mallard

Move the tadpoles?

The Question: We have a very old hot tub that hasn’t been used for years and the cover has collected a good amount of water from rain and now looks almost like a tiny pond! We recently we have discovered that it is filled with tadpoles! My dad thinks it is a from a tree frog because he has heard them. Should we move them to a nearby water source? Or just leave them alone?

Submitted by: Patrice, Connecticut, USA

(click on photos and graphics to expand)

GrayTreeFrog2010

gray tree frog

The Short Answer: Patrice, gray tree frog (Hyla versicolor) is probably a good guess because they are known to lay eggs in everything from ponds to puddles. Trent University in Ontario has a nice chart that compares some of the common North American tadpoles. You’ll see that gray tree frog tadpoles have red or orange on the tail. Tadpoles of some other species in the genus Hyla also have red on the tail, but the gray tree frog is the only frog in that genus found in Connecticut. So if you see red or orange on the tail, it’s a good bet your tadpoles are gray tree frog babies.

Unless you think the water will dry up, I would just leave them. They’ll feed on algae and other stuff growing in the water and they’ll prey on small creatures like mosquito larvae. Moving them is risky. One benefit of breeding in puddles and other temporary bodies of water is a lack of fish, turtles and most predatory aquatic insect larvae that eat tadpoles. You might move them somewhere where there are predators that will eat them. Or you might move them to a place where they won’t find the right kind of food. The best bet might be to trust that the gray tree frog(s) chose your hot tub pond for a reason, and hope for the best.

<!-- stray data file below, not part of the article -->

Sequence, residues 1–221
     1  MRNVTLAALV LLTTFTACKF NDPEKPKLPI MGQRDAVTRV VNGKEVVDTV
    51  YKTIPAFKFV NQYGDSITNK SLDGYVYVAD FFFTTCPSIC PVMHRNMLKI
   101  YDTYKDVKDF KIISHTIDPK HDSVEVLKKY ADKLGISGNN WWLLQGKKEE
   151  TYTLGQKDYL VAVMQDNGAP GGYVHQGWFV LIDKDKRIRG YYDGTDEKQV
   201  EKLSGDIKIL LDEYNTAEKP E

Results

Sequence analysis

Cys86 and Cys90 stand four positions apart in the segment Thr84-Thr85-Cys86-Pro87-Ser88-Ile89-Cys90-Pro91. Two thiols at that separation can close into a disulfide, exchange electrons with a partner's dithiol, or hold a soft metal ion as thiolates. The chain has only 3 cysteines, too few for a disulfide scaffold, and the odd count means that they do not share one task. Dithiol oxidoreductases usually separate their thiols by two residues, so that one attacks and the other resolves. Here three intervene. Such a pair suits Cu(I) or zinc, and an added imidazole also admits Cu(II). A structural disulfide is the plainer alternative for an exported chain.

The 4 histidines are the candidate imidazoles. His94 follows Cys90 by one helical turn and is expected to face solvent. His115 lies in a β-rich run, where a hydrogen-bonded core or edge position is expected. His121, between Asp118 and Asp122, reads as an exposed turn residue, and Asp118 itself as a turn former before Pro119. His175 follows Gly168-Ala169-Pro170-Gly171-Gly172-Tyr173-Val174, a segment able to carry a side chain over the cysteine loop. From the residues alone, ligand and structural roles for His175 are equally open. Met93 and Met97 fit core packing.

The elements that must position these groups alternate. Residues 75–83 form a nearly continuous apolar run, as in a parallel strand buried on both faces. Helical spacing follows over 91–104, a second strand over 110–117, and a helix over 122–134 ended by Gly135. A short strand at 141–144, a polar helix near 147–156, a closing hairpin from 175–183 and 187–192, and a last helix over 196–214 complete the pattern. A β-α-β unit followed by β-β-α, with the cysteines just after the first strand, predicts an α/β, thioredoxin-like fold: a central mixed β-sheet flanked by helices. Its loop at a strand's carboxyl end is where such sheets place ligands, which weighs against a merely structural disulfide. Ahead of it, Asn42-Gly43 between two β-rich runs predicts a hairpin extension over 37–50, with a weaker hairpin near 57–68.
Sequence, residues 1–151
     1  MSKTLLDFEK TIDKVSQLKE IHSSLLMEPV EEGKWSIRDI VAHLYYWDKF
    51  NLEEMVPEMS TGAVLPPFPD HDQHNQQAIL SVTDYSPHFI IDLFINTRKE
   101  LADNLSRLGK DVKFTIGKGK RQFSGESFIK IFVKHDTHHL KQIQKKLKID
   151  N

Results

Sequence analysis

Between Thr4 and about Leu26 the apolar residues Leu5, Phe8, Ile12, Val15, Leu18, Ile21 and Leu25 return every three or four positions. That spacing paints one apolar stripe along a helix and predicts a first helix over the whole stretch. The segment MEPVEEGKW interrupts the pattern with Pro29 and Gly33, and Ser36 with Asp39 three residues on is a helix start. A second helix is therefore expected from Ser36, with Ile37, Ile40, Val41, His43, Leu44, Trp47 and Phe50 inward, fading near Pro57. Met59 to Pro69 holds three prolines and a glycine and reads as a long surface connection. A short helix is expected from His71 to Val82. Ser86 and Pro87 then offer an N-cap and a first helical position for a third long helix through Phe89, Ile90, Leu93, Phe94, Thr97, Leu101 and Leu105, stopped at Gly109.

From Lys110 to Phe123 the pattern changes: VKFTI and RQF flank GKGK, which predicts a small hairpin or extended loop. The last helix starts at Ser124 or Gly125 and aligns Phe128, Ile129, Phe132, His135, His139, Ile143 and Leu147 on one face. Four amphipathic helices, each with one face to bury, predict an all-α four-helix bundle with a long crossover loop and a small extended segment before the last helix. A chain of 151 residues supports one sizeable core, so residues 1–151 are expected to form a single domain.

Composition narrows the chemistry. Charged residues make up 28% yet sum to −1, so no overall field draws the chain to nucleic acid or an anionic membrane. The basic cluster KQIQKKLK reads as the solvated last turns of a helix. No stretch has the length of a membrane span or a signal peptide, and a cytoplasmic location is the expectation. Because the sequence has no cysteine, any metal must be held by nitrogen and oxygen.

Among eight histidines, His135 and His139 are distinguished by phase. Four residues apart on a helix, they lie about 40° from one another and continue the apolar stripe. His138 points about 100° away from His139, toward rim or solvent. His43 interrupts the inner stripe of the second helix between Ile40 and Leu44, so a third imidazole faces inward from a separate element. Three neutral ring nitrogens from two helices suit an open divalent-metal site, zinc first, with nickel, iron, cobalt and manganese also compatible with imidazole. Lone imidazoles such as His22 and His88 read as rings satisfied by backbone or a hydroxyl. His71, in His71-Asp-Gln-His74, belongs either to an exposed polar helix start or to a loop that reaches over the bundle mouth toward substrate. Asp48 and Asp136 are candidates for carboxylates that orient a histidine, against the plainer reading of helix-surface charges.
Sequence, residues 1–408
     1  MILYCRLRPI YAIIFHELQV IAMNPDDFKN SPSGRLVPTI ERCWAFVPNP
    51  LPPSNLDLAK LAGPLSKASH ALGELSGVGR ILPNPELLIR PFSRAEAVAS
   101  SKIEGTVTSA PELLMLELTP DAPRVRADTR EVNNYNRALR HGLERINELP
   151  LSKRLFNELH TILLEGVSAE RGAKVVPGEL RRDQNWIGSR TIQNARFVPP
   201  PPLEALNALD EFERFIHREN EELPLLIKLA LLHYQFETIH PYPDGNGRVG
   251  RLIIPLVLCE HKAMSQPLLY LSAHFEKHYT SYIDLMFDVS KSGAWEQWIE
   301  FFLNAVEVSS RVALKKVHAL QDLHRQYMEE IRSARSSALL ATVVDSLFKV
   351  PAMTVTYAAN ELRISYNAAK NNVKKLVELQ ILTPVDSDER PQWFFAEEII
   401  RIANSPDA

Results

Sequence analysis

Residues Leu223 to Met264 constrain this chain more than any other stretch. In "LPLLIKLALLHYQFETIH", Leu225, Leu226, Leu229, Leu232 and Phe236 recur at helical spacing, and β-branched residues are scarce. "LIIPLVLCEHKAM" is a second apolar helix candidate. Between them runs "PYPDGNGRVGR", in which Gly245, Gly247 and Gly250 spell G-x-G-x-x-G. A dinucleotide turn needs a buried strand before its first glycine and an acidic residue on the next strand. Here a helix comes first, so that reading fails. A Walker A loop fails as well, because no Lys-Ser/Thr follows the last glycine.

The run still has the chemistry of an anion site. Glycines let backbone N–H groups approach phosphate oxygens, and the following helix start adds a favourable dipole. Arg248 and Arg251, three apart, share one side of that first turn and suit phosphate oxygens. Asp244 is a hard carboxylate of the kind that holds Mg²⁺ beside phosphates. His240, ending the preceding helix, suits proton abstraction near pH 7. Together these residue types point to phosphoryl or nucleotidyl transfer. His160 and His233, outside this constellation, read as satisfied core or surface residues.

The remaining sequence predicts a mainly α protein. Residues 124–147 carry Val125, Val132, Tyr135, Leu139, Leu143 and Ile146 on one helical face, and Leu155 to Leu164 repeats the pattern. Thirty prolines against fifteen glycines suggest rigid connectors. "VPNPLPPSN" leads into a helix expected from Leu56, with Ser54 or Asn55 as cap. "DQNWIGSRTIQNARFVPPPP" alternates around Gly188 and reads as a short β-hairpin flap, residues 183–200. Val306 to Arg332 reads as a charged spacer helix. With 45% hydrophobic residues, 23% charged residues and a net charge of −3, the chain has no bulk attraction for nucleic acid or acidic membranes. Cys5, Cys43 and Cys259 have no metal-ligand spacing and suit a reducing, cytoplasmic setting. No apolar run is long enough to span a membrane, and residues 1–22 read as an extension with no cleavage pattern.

If you really want to help your tadpoles, the best thing would be to make sure the puddle doesn’t dry up. That would be sure death for them. So add water if the puddle gets low, but make sure you’re not adding chlorinated water straight from your tap. That might kill them. You could fill a couple of buckets with water in advance, and let them sit for several days. Any chlorine will evaporate and algae will begin to grow. If you later add the contents of the bucket to the tadpole puddle, it will give them water and food at the same time.

You could also try supplementing their food supply with scrunched up tropical fish food if you happen to have some. But don’t overdo it. If you overfeed, the uneaten food will release ammonia and nitrites, which might kill the tadpoles.

It takes about six to eight weeks for gray tree frog tadpoles to metamorphose into adults. Let us know how it goes. Good luck!

Cite this article as: Pelletier, TC. (July 14, 2015). Move the tadpoles? Retrieved from http://askanaturalist.com/move-the-tadpoles/ on December 11, 2016.
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2 Responses

  1. Mem Mem Says:

    I haven’t had tadpoles since childhood. Thank you so much for updating info just in case I find my own Tadpole Patch this summer.

  2. David Frisone Says:

    Awesome, informative and interesting answer. You just may have saved a bunch of tadpoles lives.
    Great job,
    Thank you!

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